Interestingly, in a related provision of the Act, if an enterprise fails to pay the penalty (or fails to comply with a final CCI order), in the last resort, the CCI can lodge a complaint before the Chief Metropolitan Magistrate, Delhi where a fine up to Rs 25 crore and/or imprisonment up to 3 years can be awarded. According to the above Annual Report, as many as 30 complaints were pending before the CMM, but it does not appear that such punishment was imposed by the CMM in any case. Thus, this legal recourse has proved of little practical value to the CCI.
In recent months, no significant cartel has been punished by the CCI, may be partly due to the pandemic. In 2020, in five cases, final orders have been passed by the CCI, but in none of these cases, including one of bid-rigging (identified by a CCI survey as an endemic problem in India), was a penalty imposed. During 2019 and 2020, in two cases, the CCI ordered an investigation to be undertaken; conversely, in seventeen cases the CCI declined to order an investigation. It is possible that in the rejected cases, the information provided was insufficient to justify an investigation and thereby cause unnecessary harassment to the opposite parties. But this also depends on the threshold of material or evidence required by the CCI for directing an investigation. If the threshold is set too high, it will be beyond the wherewithal of most complainants to furnish sufficient proof, especially since all cartels operate in great secrecy. In that case, the CCI would be losing a valuable source of information in its fight against cartels, which the CCI should be welcoming.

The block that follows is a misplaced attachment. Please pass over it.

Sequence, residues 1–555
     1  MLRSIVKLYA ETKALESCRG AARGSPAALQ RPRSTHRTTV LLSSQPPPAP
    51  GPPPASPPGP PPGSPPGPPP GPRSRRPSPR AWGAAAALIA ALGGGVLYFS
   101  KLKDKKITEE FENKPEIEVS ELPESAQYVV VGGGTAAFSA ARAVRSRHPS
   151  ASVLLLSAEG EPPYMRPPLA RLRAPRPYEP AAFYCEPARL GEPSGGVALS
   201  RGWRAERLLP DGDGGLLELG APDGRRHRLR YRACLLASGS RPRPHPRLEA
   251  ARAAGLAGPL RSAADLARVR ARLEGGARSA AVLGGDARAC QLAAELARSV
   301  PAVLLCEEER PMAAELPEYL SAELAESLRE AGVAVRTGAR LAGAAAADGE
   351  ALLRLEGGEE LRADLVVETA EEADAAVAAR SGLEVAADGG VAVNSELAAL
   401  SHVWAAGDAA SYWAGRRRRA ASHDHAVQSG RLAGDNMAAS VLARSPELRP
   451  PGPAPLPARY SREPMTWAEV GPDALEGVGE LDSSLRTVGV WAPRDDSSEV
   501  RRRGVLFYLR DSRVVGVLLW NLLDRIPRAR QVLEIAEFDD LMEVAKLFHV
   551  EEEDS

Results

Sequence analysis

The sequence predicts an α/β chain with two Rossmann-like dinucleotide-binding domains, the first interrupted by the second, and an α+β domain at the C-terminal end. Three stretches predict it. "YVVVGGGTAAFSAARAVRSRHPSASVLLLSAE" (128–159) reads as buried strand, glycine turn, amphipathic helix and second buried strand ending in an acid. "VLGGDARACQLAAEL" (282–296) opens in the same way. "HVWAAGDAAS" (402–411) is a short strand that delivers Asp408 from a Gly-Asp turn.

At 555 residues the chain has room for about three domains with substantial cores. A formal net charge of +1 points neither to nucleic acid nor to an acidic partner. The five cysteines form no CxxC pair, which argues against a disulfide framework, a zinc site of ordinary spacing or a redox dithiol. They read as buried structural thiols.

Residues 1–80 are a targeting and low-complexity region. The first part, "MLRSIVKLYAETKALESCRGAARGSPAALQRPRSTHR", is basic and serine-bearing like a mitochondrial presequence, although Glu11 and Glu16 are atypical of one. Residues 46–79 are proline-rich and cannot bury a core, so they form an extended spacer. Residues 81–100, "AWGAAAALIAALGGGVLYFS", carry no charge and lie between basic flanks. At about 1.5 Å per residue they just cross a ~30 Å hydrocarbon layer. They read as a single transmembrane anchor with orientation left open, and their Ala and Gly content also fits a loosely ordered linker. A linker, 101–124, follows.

In the mission to unravel cartels, a few suggestions may be worth considering:
- Cartels often use times of crises to flourish, as happened in Europe during the wars. India, along with the rest of the world, is fighting a war against the pandemic. While the CCI has rightly issued a public notice indicating it would understand any healthy cooperation undertaken by companies to support the fight against the virus, it may also be useful to undertake a proactive study/survey of the markets to detect any cartelisation that may be going on, especially in critical areas like health services including hospitals, pharmaceuticals, essential consumption goods like food, agricultural inputs, education and widely used metals.
- Announce a policy on penalties, as done in several jurisdictions, clarifying the CCI’s methodology for deciding the quantum of penalty in proven cases. A firmer approach should be followed for levying penalties on proven cartels, except for leniency applicants (whistleblowers). Unless adequate penalties are imposed there would be no deterrence and also little incentive for whistleblowers to avail the leniency programme.
- Lower the threshold for the quantum of evidence expected from an informant for directing an investigation; if credible material is provided by the informant, the rest can be unearthed by the DG with its investigative powers; otherwise, this may discourage informants from reaching out to the CCI.
- It is imperative that the cap on penalties set in the Act at 10% of the total turnover (lowered by the interpretation given by the Supreme Court) be restored in the amendments currently under consideration of the government.
The author is Founding member and former acting chairman, Competition Commission of India and currently senior advisor of competition law, Platinum Partners